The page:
“There is more that unites us than divides us”
Yellow Days, the not-for-profit charity which began in 2016, was born from the mind and soul of Nina Drenalina. After volunteering at a refugee camp in Greece for a month, the divide between the refugees and locals became apparent; lacking the human connection that went beyond just the materials and helps needed for survival.
“They were losing their own human essence,” she says. “I made friends with everyone in the refugee camp and I asked them what do you think about if we bring a group of people from London, play music and cook food together. You share with us your culture, and we share with you ours.”
Through teaching one another about their cultures, Nina was able to intertwine the lives of the refugees with those who had travelled from London. Opening each other’s eyes to a new perception of life. From this small idea came the Yellow Days Festival, which occurred one year later on the same island and refugee camp that Nina had found herself volunteering at.
“One of the main aims of the festival was to create networking, so people can create projects after the festival is done,” she says, reflecting on the importance of unity and opportunity that Yellow Days brings. “We donate funds to the refugee camp and the hospital of the island. The refugee camp is run by neighbours of the island, it is people working by donations and volunteers. We put our money towards real people, with real actions.”
With funding independently raised by the volunteers of Yellow Days, various events are held throughout the year. “We do a mini-version of the festival here in London in the warehouses a lot, but also in other venues, such as The Hive. We’re trying to create what the festival is, which is a day of activities, open talks, educational workshops, exhibitions and music.”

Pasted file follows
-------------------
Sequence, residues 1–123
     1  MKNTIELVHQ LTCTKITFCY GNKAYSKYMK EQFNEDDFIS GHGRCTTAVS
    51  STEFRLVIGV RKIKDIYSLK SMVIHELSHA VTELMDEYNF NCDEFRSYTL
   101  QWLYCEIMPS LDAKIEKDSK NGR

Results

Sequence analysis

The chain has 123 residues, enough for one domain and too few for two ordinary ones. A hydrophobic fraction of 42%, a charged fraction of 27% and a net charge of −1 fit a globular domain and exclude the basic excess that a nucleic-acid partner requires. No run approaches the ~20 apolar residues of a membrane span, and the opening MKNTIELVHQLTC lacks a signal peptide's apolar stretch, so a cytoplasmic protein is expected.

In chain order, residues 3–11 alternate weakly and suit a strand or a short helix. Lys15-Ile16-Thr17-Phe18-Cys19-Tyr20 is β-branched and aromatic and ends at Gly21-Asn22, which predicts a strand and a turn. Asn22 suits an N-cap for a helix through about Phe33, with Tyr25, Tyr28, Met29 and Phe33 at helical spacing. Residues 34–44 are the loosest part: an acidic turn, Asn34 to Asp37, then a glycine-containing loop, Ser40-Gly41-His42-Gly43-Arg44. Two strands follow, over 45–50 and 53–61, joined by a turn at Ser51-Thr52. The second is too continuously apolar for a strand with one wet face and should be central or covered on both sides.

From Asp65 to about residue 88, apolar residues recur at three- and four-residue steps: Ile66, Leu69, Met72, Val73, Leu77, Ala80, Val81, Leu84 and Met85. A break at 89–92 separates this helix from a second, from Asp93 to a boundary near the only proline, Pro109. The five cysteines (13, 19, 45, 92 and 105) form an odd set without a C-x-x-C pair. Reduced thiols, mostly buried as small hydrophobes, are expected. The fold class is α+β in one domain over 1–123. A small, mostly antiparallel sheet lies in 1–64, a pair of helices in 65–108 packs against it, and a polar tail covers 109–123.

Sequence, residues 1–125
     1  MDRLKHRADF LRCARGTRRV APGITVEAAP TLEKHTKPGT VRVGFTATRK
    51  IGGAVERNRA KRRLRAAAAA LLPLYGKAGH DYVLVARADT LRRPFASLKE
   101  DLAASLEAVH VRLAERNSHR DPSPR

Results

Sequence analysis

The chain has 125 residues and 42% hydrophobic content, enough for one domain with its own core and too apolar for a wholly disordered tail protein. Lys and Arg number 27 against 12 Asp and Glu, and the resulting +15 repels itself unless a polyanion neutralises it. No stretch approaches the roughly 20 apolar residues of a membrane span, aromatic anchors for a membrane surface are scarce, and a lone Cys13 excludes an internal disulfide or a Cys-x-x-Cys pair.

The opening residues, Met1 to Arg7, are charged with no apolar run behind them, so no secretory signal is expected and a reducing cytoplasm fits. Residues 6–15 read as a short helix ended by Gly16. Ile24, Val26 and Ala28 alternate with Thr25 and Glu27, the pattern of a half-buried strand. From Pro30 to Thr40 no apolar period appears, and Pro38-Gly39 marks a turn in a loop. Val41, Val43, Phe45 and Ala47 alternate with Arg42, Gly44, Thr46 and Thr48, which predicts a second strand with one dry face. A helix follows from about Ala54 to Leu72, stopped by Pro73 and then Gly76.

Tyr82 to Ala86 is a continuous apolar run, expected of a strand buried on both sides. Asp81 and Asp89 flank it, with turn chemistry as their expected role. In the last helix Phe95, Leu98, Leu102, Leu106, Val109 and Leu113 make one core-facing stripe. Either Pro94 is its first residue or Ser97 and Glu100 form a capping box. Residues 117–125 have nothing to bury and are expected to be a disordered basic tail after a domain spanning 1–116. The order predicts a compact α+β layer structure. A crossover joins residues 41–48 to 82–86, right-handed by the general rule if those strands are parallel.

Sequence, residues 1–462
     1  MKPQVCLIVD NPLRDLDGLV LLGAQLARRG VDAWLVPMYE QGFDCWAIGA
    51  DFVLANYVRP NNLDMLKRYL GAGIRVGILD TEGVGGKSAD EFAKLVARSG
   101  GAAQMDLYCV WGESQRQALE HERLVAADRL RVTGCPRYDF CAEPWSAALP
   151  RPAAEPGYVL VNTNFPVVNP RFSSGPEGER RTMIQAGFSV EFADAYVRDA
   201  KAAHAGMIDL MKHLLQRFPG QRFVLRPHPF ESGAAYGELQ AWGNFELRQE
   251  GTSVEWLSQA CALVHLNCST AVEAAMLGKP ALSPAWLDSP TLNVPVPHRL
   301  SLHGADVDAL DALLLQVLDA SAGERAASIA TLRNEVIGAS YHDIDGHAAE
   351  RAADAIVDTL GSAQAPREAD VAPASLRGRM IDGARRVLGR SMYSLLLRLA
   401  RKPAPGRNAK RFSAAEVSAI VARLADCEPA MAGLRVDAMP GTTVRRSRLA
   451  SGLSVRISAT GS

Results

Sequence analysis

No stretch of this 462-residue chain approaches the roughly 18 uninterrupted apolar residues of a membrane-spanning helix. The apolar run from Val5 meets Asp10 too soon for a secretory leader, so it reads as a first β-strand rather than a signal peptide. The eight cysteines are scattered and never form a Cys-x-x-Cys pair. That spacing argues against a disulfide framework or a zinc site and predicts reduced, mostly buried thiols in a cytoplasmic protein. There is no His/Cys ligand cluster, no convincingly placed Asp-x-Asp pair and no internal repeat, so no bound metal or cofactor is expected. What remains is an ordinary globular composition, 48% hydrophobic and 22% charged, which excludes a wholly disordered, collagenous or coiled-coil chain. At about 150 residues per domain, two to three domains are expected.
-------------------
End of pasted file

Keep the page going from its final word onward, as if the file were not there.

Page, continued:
These events offer a platform for everyone, as Yellow Days welcomes all ages, ethnicities and sexualities. The warehouse communities are set to open their homes once again on December 1, 2018, to unite people’s creativity.
“There will be workshops and forums, an open mic, yoga, and all of these activities,” Nina says, pushing the importance of bringing together the community to make environmental change. “We encourage people to create a dialogue between the things that matter. All of the decorations we do are with trash, plastic and recycling. We need to save the world, so uniting the cultures could be a good way to start thinking about not using that much plastic, in order to save the planet.”
It is hard not to be overwhelmed by the passion felt by those at Yellow Days to create change within our universe. Using the avenues around them, they aim to spread positivity and hope in a world that is plagued by war, violence and hostility.
“We make it really easy for people to support because we don’t ask anyone to be or do anything that they’re not, they’re just themselves but helping others,” Nina says. A reminder to us all that we are each capable of creating an impact on the lives of the individuals that the media can leave us feeling disconnected and detached from.
There is a buzz of excitement as Nina discusses future plans for the next Yellow Days festival, which will be held in Athens during the first week of September 2019. “In Athens, people are starting their lives again, so it makes sense that we can do something there so that the people can keep developing projects after that.”
In only two years, Yellow Days has created friendships and connections that stretch across the world, offering a glimmer of optimism for the future of mankind. “Yellow is the colour of the sun and of happiness. You think of Yellow Days and you think of fun. It’s a positive colour that represents something nice. The main ethos of the Yellow Days is to unite really different cultures with each other, and with the world being in a very delicate state, the first step is to get together, push it forward, and unite people. We are creating a platform for a positive impact on life.”
All images courtesy of The Yellow Days.